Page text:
I digress. The aside detailed above is the reason I grabbed a pen, piece of paper and a couple of post-it notes at lunchtime to complete my task for today’s MOOC topic – mind mapping the ways in which I communicate.


After a cursory glance, it’s not all techie, online apps and tools; but they do predominate (in quantity, not quality) in most spheres. Taking the student body first, I think I tend to focus on one main channel of communication which is through the VLE. It’s there, they expect it, it can be further disseminated by email, it can be picked up by everyone including colleagues co-teaching on the module and the stray student(s) missing the face to face announcements in class. There are no other apps or tools listed there on my map, so I don’t use twitter for communicating to students (it gets used and mentioned in class, but not as a comms tool), and the blogs, wikis etc are all built into Blackboard with various plugins etc that I’m happy to use, for now.

My departmental colleagues and co-workers in the same academic institution are generally a close-knit bunch and so face to face communication and conversations by email predominate. We are a small group and largely based on the same corridor so that works, but previously I have worked remotely for an organisation with a significant number of disparate based all around the UK. Email wasn’t enough, or things got mixed up, and so Yammer was a great tool that a colleague recommended and the organisation adopted.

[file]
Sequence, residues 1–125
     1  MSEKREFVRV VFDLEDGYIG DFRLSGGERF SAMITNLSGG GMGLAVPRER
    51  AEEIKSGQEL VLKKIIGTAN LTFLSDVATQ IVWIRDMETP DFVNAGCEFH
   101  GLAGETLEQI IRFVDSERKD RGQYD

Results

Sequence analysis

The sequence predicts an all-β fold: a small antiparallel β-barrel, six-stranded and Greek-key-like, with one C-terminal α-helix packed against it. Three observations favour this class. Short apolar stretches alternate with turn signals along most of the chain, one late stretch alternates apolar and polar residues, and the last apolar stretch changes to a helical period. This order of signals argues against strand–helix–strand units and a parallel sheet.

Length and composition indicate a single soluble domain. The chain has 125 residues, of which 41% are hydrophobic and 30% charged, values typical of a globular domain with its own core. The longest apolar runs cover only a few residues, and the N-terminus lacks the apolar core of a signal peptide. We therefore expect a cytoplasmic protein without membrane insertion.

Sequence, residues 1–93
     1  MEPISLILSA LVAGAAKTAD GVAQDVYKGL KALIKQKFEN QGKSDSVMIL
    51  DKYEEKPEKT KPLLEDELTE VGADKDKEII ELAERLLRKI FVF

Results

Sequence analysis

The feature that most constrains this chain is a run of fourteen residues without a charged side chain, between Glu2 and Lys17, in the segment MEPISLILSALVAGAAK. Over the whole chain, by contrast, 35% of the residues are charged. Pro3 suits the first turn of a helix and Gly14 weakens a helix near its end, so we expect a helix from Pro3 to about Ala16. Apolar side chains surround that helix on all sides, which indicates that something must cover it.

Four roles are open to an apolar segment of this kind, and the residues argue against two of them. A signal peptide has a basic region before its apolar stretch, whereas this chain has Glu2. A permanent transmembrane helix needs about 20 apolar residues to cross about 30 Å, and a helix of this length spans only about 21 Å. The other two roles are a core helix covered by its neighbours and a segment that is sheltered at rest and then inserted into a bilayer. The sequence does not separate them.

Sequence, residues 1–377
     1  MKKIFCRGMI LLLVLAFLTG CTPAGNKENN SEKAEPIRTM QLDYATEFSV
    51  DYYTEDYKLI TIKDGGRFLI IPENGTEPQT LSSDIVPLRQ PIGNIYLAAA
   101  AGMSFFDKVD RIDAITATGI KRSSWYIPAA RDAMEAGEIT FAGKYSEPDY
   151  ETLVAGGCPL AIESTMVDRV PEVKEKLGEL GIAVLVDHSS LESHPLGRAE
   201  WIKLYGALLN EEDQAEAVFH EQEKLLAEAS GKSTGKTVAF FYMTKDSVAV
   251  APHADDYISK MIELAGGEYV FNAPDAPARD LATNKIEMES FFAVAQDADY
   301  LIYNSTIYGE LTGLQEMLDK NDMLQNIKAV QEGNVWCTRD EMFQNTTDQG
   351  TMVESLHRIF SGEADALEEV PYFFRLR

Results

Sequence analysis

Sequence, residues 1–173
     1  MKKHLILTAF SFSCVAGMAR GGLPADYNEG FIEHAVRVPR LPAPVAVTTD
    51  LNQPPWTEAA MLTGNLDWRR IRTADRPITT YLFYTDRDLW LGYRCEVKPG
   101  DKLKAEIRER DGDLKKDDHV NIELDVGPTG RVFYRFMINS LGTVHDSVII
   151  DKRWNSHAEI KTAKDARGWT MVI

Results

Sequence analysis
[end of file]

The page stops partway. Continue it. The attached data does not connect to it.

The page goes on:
Colleagues outwith the university get more of the online, techie and exciting modes of communication – but mainly because I don’t see these people that much! This is the only place where twitter features (I don’t tweet much personal stuff at all), but I do blur the lines with Facebook to a slight degree with colleagues who are also friends. I also find Fb groups such as this one for BYOD4L useful to keep up with developments and as far as I know, those in the group don’t see my friends and family tagged posts unless they are added as friends.